What’s On pals Hype preview MJ Cole at Level 41, Media One for the Superheroes party, one of the best club nights in Dubai. Watch Sincere.
Sincere began life in 1998 as twenty vinyl test pressings, report our pals Hype. One test pressing found the ear of dance music’s gatekeeper, Pete Tong. Tong played the track on his BBC Radio 1 show and the cogs of the music industry began to turn until, two years later on a major label, MJ Cole released his critically and commercially successful debut album.
This once familiar cycle is now all but gone. The London DJ-producer releases music in an industry almost unrecognisable to the one in which he found fame. Electronic music in album form is, if not dead, certainly dying. But Cole is in no mood to mourn.
“The dance-music album, yes, it’s definitely on the decline. And it’s a shame. For me, there’s still something golden about the format. It takes more effort, determination and confidence to achieve and tends to stick in people’s minds for longer than some of the more disposable standalone tracks.
“But it’s due to the way people listen to music now. It’s rare that an album gets a listen from start to finish when we have the ability to shuffle, and create personal playlists.”
The older model, at least in theory, Cole says, ensured certain standards. His response to its decline has been to take the kind of quality control it offered and apply it to music in the digital age, where releasing music regularly is a necessity.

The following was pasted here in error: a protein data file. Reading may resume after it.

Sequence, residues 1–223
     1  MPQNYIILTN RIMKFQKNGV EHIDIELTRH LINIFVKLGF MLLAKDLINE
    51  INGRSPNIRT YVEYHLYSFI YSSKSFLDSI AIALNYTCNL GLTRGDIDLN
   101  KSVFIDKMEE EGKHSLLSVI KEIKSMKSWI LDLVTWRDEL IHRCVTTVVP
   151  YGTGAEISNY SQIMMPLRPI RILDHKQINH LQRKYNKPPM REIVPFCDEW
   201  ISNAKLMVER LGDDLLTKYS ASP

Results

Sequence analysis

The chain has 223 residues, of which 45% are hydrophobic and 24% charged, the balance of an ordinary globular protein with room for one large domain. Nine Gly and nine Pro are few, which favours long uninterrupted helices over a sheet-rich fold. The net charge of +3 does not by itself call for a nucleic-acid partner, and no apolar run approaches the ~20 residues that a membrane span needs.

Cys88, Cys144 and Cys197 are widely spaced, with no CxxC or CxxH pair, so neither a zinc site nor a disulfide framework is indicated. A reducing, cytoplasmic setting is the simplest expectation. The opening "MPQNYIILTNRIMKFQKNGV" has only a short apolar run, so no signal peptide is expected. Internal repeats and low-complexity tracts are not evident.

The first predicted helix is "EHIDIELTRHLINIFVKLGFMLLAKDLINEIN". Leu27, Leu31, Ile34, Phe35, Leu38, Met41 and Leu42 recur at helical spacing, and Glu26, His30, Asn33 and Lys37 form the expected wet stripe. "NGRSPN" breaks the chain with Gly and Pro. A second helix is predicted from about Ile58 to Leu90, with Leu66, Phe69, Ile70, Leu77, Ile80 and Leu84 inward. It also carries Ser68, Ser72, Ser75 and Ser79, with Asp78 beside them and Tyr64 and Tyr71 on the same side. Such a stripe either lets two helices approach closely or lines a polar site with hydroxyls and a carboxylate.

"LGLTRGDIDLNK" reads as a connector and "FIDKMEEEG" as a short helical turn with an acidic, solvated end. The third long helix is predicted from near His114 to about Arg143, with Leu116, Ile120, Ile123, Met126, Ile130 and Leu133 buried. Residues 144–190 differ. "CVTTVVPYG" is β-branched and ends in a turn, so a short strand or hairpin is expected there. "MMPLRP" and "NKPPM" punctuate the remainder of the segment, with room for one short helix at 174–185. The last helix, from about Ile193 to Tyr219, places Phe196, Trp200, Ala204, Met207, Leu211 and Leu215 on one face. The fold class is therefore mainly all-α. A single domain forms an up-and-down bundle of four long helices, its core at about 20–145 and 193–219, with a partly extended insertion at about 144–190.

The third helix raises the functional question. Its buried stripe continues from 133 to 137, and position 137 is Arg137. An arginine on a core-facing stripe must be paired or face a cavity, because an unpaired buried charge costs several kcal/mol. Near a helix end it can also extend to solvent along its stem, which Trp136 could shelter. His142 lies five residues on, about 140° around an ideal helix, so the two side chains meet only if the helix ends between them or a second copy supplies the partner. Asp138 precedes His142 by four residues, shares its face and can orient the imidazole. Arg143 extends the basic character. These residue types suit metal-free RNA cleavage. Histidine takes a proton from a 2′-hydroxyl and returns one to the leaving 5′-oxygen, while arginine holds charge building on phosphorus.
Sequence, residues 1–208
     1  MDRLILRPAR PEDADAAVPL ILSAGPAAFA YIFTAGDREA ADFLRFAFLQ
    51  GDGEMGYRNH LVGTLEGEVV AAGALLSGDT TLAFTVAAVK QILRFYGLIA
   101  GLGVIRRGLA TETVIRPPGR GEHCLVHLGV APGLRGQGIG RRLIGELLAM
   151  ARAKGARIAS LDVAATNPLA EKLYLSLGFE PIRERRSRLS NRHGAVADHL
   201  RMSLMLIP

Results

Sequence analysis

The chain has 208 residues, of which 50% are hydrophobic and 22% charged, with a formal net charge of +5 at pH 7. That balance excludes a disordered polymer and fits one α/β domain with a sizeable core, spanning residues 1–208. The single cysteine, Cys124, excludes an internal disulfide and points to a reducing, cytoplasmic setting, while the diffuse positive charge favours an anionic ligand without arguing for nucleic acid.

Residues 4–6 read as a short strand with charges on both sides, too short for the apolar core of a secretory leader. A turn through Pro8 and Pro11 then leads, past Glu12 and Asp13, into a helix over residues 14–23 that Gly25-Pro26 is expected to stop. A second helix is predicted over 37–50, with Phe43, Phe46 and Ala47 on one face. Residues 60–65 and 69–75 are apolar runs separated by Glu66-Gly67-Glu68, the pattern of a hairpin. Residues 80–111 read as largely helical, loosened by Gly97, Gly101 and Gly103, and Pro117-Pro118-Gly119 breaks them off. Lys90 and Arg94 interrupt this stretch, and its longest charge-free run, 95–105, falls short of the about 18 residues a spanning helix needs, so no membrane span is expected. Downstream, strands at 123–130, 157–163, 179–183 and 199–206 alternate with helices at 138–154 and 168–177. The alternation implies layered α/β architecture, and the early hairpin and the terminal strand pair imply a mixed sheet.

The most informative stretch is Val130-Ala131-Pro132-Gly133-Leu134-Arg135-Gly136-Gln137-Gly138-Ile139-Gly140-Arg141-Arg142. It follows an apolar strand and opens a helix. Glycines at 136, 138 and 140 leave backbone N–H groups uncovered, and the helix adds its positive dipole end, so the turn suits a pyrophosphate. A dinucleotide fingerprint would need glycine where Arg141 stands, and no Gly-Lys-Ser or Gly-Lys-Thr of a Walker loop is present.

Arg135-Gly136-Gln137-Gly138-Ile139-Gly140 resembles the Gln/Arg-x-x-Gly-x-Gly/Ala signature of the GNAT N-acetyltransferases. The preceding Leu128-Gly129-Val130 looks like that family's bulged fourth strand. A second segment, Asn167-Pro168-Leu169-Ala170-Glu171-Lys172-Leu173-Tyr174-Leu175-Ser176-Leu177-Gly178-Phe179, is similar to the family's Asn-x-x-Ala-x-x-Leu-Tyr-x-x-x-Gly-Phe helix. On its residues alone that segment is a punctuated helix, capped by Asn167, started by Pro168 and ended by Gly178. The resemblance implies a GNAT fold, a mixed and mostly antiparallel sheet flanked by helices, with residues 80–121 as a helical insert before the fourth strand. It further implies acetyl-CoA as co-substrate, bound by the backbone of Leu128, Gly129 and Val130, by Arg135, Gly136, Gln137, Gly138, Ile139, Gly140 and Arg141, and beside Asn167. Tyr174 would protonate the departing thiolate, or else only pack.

“I think it’s always good to maintain a presence in the music world, but not at the expense of quality. There’s something admirable about artists who hold back and then release something very special. For the younger producer, just starting out, I guess it’s important to be seen to pushing forwards gradually and consistently. I do sometimes feel, though, people release tracks a little too easily. There’s a lot to be said for the older model where a label had to invest in vinyl mastering and so for a track to be released it really had to be good to get into the system.”
Matthew James Firth Coleman was always that little bit different compared to his peers. The classically trained musician, Royal College Of Music attendee and BBC Television’s Young Musician Of The Year performer, took what he learned in the classroom and applied it to the music he danced to at weekends.
His second album, however, was received less favourably than his Mercury Prized-nominated first, and he admits to some darker years following 2003’s Cut To The Chase. But a new generation of DJ-producers – those who led genres such as UK funky and dubstep and the more recent house music revival – grew up listening to Cole. He, in turn, takes inspiration from them.
As in demand as ever as a DJ – this month he plays the Superheroes XXXL party alongside Stanton Warriors – he also has recent remix and production credits for Lana Del Rey and Example and is currently in the studio with Mr Hudson. But it’s in continuing to bring through new artists on his label, Prolific Recordings, that MJ Cole sees his future.
“The net has certainly made it easier for people to collaborate. But there’s still no substitute for sitting in a room together to catch a unified vibe – when there’s a couple of people throwing ideas around and messing around with synths and instruments, the creative journey is fun.”
Level 41, Media One Hotel, Dubai Media City, Dubai, 9pm to 3am, Dhs120. Tel: (04) 4271000. Metro: Nakheel. mediaonehotel.com